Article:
Relationships Between Early Experience to Dietary Diversity, Acceptance of Novel Flavors, and Open Field Behavior in Sheep
Physiology & Behavior
This study determined whether early experiences by sheep to monotonous or diverse diets influence: (1) plasmatic profiles of cortisol, a hormone involved in stress responses by mammals, before and after an ACTH challenge, (2) the readiness to eat new foods in a new environment, (3) general fearfulness and response to separation – as measured by the open field test (OFT) and stress induced hyperthermia (SIH) – and (4) the link between (2) and (3). Thirty, 2-mo-old lambs were randomly assigned to 3 treatments (10 lambs/treatment). Lambs in one treatment (Diversity — DV) received in successive periods of exposure all possible 4-way choice combinations of 2 foods high in energy and 2 foods high in protein from an array of 6 foods: 3 high in energy (beet pulp, oat grain, and a mix of grape pomace:milo [40:60]) and 3 high in protein (soybean meal, alfalfa, corn gluten meal). Lambs in another treatment (DV+T) received the same exposure described for DV but two phytochemicals, oxalic acid (1.5%) and quebracho tannins (10%) were randomly added within any period of exposure to foods high in energy or to foods high in protein. Lambs in the third treatment (Monotony — MO) received a monotonous balanced ration containing all 6 foods fed to the other groups. After exposure, lambs were offered a choice of the aforementioned 6 foods (DV; DV+T) or the monotonous diet (MO). Lambs were intravenously injected with ACTH 1 h after food presentation, and sampled at 1, 2, and 3 h post feeding for determinations of plasma cortisol concentrations. Reluctance to eat novel flavored foods (onion-, coconut- and cinnamon-flavored wheat bran), open field behavior, and SIH was assessed in all treatments. Lambs in MO showed greater concentrations of plasma cortisol 1 h after food presentation than lambs in the DV or DV+T treatments (P = 0.04). However, the difference was small and no differences among treatments were detected after an ACTH challenge (P > 0.1). Lambs in DV consumed more onion-flavored wheat bran than lambs in MO (P = 0.05). Lambs in DV also showed a greater cumulative consumption of novel flavors on d 2 than lambs in MO (treatment × day; P = 0.01). Lambs in DV showed lower increase in rectal temperature (P = 0.07) than lambs in MO. Only lambs in DV exhibited a positive relationship between consumption of cinnamon-flavored wheat bran and attempts of escape (R2 = 0.58; P = 0.02). Our results suggest that exposure to diverse foods early in life may be less stressful than exposure to monotonous rations, as measured by plasma cortisol concentrations after food ingestion, and by changes in rectal temperature after exposure to the OFT. Lambs exposed to diverse diets early in life may also increase the initial acceptance of new flavors in novel environments relative to lambs exposed early in life to monotonous diets.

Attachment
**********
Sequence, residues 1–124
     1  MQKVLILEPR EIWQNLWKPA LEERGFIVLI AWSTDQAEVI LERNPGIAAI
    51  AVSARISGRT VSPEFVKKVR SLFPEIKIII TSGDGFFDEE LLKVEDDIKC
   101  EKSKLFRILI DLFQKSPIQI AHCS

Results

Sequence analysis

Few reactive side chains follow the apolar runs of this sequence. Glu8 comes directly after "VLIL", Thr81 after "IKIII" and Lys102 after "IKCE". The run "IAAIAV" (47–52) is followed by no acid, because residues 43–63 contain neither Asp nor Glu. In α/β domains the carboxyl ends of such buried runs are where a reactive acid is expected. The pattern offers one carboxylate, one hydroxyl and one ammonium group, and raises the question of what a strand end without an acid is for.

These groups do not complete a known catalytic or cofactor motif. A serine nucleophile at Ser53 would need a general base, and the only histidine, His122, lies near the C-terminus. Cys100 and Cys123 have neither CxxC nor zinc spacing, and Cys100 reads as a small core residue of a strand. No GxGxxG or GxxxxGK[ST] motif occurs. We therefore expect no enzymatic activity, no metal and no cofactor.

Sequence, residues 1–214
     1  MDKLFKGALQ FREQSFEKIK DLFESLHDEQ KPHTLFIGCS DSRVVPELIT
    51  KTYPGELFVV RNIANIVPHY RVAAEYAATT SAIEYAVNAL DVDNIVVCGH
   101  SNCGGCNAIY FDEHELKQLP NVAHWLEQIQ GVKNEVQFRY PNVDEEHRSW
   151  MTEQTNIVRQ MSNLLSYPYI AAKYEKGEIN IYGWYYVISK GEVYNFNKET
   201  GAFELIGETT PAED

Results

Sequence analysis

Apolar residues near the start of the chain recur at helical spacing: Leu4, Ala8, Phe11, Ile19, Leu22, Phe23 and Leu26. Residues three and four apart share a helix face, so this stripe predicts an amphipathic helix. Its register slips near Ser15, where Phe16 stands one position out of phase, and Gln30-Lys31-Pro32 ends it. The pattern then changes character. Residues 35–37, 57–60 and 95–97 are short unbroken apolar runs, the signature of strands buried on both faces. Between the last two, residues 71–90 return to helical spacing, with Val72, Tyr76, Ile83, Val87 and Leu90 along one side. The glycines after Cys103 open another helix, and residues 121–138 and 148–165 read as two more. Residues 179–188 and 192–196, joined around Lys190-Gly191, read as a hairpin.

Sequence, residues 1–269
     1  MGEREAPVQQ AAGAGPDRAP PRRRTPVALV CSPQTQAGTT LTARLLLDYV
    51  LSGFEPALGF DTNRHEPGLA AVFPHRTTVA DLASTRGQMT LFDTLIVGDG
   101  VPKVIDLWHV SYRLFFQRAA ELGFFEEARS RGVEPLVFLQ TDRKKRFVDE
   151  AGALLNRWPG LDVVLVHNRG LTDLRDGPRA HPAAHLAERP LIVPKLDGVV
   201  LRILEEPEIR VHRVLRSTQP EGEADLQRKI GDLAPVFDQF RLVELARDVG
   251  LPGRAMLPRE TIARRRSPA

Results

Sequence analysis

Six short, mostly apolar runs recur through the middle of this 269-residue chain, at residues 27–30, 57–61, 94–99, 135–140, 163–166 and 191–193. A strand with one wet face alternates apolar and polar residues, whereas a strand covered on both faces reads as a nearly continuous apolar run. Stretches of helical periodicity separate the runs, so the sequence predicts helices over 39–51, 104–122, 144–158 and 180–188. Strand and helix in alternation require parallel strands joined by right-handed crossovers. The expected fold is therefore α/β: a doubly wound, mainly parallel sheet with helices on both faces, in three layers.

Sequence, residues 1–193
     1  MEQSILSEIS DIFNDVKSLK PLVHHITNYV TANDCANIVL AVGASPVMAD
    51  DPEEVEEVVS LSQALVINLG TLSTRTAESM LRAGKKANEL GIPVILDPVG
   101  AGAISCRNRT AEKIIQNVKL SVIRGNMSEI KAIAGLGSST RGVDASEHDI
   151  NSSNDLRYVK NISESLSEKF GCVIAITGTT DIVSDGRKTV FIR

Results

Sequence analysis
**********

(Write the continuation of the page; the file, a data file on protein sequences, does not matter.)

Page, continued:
Villalba, Juan J. et al. 2012. Relationships Between Early Experience to Dietary Diversity, Acceptance of Novel Flavors, and Open Field Behavior in Sheep. Physiology and Behavior 105(2): 181-187.